The former regional director of Public Health England issued a furious condemnation of what he described as the UK government’s ‘complacent’ response to the coronavirus pandemic.
Visibly angry professor John Ashton Told BBC Newsnight the government should have started implementing measures a month ago and has expressed concern that hospitals will be overworked.
His comments come after Chancellor Rishi Sunak unveiled a £ 30bn stimulus package that included £ 12bn to tackle problems caused by the coronavirus – but failed to impose measures to ban the big ones public gatherings and social distancing that other countries, including China and South Korea, have used with success.
“I’m really pulling my hair out, with that,” Mr. Ashton said. “I am very frustrated here. I am with Richard Horton, the editor in chief of The Lancet, and with Tedros [Adhanom], the Director General of the World Health Organization – I think that was a boost in particular for this country.
“We have a complacent attitude, it sounds woody and academic, and we wasted a month when we should have engaged with the audience.
“If it spreads now as it seems likely, there won’t be enough hospital beds and people will need to be cared for at home. We should have mastered this a month ago, ”he added.
The editor of the science journal The Lancet, Mr Horton said earlier this week that Boris Johnson and Matt Hancock “were playing roulette with the public” by not implementing earlier “policies of social distancing and closing”.
He tweeted Tuesday: “The UK government’s decision not to go ‘late’ may be understandable, but it is a mistake. As a British expert epidemiologist told me last night, his decision is “very disappointing – the UK should have moved to more aggressive social policy. distancing measures immediately. ‘”
While the COVID-19 epidemic was classified as a pandemic on Wednesday evening, Mr. Adhanom called on governments take more urgent action to contain and manage the spread of the virus.
He said: “The challenge for many countries that are now facing large clusters or community transmission is not whether they can do the same – it is whether they will. struggling with a lack of capacity Some countries grappling with a lack Some countries grappling with a lack of determination.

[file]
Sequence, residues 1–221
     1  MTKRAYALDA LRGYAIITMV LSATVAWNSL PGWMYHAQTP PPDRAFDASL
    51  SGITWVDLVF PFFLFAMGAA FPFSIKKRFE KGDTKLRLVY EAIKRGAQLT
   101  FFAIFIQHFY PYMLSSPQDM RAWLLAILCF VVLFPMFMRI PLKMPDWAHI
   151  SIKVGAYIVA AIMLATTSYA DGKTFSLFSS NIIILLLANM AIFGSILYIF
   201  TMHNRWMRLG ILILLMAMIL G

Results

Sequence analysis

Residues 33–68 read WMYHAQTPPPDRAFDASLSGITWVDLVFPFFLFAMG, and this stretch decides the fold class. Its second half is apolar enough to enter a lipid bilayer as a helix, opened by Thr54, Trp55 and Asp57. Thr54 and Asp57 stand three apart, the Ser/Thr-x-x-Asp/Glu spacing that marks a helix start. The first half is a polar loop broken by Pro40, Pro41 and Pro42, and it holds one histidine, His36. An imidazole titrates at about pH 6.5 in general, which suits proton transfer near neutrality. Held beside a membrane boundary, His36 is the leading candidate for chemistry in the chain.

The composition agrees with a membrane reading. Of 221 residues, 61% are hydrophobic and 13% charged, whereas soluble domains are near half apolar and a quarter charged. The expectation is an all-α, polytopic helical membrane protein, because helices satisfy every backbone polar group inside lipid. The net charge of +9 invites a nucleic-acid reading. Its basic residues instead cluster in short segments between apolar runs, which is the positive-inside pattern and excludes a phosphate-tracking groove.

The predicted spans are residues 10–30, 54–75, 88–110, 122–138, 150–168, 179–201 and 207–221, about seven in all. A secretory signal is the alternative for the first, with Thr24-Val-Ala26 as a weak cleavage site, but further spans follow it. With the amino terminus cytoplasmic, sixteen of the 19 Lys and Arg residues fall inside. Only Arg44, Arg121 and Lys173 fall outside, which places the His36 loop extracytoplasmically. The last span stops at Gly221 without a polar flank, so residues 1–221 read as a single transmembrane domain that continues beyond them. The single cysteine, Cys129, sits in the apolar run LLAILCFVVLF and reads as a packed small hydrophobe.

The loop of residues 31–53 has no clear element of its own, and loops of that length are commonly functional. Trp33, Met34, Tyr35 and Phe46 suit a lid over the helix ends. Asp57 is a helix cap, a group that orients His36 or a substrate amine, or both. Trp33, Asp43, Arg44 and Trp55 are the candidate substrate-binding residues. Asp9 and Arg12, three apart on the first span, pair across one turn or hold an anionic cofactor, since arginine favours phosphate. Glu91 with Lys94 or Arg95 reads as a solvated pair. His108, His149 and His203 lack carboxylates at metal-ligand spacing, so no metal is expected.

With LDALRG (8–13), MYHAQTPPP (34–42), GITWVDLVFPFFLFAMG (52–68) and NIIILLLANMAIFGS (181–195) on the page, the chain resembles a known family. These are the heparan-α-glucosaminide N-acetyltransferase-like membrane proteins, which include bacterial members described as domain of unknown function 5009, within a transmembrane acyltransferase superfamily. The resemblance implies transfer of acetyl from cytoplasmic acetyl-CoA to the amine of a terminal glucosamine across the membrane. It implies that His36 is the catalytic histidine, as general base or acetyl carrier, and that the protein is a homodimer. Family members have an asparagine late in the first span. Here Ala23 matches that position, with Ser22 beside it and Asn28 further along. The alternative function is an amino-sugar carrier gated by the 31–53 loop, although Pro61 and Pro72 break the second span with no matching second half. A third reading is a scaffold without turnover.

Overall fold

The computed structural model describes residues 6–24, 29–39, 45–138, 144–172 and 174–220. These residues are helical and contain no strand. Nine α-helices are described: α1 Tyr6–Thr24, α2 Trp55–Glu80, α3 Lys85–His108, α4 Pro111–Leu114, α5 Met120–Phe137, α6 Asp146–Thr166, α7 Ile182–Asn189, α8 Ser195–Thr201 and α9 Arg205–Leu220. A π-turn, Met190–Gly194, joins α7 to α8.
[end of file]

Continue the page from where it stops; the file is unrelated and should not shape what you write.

“We have called on countries every day to take urgent and aggressive action. We have sounded the alarm loud and clear.”
Mr Ashton drew comparisons between the UK’s response and that of Bahrain, led by the Crown Prince, who he said set up a “war room” over a month ago and is carrying out “extensive testing”.
“I want to know why we are not testing, why we have not tested these people who come back from Italy and who are now with us. We have a recipe for community broadcasting here, ”he said.
The former director criticized Boris Johnson’s leadership on the coronavirus, which has so far infected 456 people in the UK and killed six.
In an interview with talkRADIO Last week Mr Ashton said the Prime Minister was treating the public “like children”.
He said: “What the COBR should have done, with the chief medical officer by its side and the advisers, takes stock daily and looks to the future, looks around the corners, sees what is to come and takes the audience. about this trip. “
An emergency COBR meeting will take place at lunchtime on Thursday, after which the UK is expected to step up response to the ‘delay’ phase of its coronavirus action plan.
The new measures may include school closures, cancellations of public gatherings and encouraging people to work from home, as well as “social distancing” recommendations.
“Social distancing” involves avoiding public transport and working from home in the hope of delaying the spread of the virus to give the health sector time to test drugs and push back the peak of the epidemic to summer.
As the UK prepares to take tougher measures to tackle the coronavirus, other countries have put in place strong travel bans and locked down entire cities.
US President Donald Trump banned all travel from Europe to the United States, excluding UK and Ireland, effective March 20. The United States currently has more than 1,200 confirmed cases of the virus.
Elsewhere, Italy has imposed its most severe controls since World War II, closing all stores in the country except supermarkets, grocery stores and pharmacies. The Italian government has also ordered all businesses to shut down non-essential departments as the number of cases rose to 12,426.
An infectious disease expert said the UK was around two or three weeks behind Italy in terms of the growth of cases and the “delay” phase might not be effective if introduced too late.
Dr Michael Tildesley, Associate Professor at the University of Warwick, Told Euronews: “That’s why these kinds of measures are being put in place at this point. What they’re trying to do is both delay and reduce the height of the peak.
“This potentially reduces the pressure on health services. The challenge with this is that it might need to be maintained for a significant period of time (to be effective). “